Leon Camier has expressed his pride at landing the surprise opportunity to helm the Team HRC Honda WorldSBK team, even if he admits it was the ‘hardest decision’ to give up racing following a catalogue of injuries.

The British rider began competing in WorldSBK in 2010 in the wake of his crushingly dominant romp to the 2009 British Superbike Championship, but despite a promising two years at Aprilia was plagued by injuries and inconsistent machinery.

Taking in stints at Suzuki, BMW, MV Agusta and Honda from 2012, Camier was supposed to join Barni Ducati for the 2020 WorldSBK season but two serious shoulder injuries - one that ruled him out for much of the 2019 season and another during testing - stopped him from ever starting a race with the Italian outfit.

It led to Camier calling time on his racing career but he will now start a new chapter in a team manager role for the factory Honda squad, an opportunity he describes as ‘amazing’ despite the disappointment of no longer racing competitively.

“It’s an amazing opportunity, that’s the first thing,” he told the WorldSBK website. “A big thank you to Honda for having the confidence in me to do the job. It is a lot of responsibility and a big position to jump into straight away. I have a lot of experience as a rider and hopefully this will translate to moving the team forward and having my experience could be a positive for the whole team. I am looking forward to the challenge.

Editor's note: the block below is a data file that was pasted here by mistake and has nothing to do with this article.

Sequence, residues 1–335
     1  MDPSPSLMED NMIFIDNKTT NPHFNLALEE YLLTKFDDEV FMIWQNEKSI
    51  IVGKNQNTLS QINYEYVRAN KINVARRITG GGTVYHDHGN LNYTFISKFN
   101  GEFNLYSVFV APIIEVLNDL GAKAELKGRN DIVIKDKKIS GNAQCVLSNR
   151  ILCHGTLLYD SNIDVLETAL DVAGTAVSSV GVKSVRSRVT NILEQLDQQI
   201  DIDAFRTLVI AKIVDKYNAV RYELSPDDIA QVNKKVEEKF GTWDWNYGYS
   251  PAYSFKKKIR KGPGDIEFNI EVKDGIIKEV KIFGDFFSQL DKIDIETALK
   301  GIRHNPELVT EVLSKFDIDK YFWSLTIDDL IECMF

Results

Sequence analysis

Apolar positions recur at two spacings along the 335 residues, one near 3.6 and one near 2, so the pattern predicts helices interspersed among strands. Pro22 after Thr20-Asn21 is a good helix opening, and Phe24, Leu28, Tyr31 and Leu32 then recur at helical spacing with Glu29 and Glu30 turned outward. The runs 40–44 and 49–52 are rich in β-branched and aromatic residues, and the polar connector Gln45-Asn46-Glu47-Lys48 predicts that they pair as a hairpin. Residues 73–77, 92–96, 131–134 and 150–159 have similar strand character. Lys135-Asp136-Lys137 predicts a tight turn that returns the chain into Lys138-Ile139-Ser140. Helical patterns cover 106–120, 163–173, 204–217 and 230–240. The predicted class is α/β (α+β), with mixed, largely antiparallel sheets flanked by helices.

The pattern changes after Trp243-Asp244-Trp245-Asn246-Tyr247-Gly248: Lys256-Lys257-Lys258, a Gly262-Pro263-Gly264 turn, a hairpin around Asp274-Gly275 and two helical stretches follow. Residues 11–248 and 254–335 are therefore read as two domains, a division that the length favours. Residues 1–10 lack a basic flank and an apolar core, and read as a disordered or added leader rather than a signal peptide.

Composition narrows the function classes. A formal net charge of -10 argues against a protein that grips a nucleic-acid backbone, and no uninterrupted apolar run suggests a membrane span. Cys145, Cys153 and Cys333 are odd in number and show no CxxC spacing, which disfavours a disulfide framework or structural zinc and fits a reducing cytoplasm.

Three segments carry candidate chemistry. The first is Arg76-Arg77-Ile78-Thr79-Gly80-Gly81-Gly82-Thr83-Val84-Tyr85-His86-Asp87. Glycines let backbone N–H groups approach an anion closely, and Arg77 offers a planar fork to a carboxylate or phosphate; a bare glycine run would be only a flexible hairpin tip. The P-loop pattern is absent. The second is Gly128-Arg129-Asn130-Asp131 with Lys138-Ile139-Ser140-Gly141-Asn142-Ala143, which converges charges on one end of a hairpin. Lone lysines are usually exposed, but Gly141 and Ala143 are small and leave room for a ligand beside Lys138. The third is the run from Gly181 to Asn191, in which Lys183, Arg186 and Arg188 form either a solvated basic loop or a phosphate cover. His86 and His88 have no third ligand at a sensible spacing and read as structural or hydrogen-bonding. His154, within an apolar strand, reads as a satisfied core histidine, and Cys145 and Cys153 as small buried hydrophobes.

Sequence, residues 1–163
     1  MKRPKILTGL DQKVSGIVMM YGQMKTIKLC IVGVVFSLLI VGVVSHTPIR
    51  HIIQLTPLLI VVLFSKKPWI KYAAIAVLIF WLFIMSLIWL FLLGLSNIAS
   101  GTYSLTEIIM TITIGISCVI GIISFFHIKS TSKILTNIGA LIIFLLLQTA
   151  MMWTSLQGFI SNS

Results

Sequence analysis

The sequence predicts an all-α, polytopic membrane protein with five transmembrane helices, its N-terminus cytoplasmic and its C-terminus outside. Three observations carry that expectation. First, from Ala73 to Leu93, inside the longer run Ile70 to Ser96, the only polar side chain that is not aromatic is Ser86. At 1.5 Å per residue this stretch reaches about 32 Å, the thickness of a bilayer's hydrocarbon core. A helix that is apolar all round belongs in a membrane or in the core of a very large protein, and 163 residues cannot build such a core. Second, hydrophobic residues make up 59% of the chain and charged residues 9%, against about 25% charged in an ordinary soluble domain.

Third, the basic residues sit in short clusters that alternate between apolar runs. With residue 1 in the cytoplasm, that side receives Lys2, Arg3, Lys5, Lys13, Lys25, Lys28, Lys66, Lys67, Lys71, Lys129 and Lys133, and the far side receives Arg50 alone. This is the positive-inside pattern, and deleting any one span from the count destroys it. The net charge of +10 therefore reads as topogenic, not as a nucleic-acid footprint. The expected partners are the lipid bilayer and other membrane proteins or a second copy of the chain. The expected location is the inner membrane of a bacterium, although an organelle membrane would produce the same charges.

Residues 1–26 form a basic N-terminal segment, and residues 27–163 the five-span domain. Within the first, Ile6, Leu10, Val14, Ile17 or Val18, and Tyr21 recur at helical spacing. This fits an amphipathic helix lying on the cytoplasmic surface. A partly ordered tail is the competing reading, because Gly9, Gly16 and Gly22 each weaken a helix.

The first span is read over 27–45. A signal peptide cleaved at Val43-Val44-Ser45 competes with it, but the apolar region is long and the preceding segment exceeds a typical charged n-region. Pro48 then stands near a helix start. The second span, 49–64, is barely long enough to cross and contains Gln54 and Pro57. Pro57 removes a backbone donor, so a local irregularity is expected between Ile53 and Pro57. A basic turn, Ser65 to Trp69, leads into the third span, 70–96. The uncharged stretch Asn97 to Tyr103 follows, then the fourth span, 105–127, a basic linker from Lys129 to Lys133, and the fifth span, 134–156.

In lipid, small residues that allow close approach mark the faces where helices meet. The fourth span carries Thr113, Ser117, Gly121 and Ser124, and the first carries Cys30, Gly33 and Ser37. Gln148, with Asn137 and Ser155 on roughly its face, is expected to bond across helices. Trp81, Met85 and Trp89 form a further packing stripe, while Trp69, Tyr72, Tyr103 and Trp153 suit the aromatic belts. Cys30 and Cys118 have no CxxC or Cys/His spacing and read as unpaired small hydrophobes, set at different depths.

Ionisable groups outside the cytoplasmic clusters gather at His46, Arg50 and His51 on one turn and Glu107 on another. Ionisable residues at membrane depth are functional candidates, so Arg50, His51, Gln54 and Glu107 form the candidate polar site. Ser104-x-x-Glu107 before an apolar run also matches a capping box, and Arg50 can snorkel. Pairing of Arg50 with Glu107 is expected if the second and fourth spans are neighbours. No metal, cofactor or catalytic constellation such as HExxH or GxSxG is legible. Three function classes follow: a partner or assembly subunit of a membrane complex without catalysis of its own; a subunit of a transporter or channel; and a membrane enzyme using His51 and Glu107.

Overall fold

“Retiring was maybe the hardest decision of my life to stop racing. The last few years for me haven’t been easy with injury and it has not gone as well as I would have wanted but to actually decide to stop racing is such a big thing - my life has been dedicated to racing, training towards it and everything you do is improving yourself and perform as a racer. 

“So to stop that is a really big deal, bigger than I expected but having this opportunity has helped,I can focus on this and use my experience to improve [the team]. I think I can jump into it quite easily, it is a natural progression to do this. For me, I am really looking forward to this challenge. A lot to learn but really excited to start.”

One of the more interesting quirks of Camier’s appointment is the fact at 34 he is younger than both Leon Haslam (37) and Alvaro Bautista (36).

However, he says his recent experience of the current generation machinery puts him in a strong position despite his lack of managerial experience.

“Having had experience in a lot of different teams, I have seen the good points, the bad points… the things I always wanted to be different or improve,” he continued. “I know from the riders position what they will be looking for, a lot of behind the scenes information to give them confidence and motivation to keep pushing. 

“This I can bring to the team straight away. I am amazed by the effort of what goes on behind the scenes, as a rider you don’t see these things, you are quite sheltered from everything. For me, this was a big surprise but something that is good to share with the riders."

 

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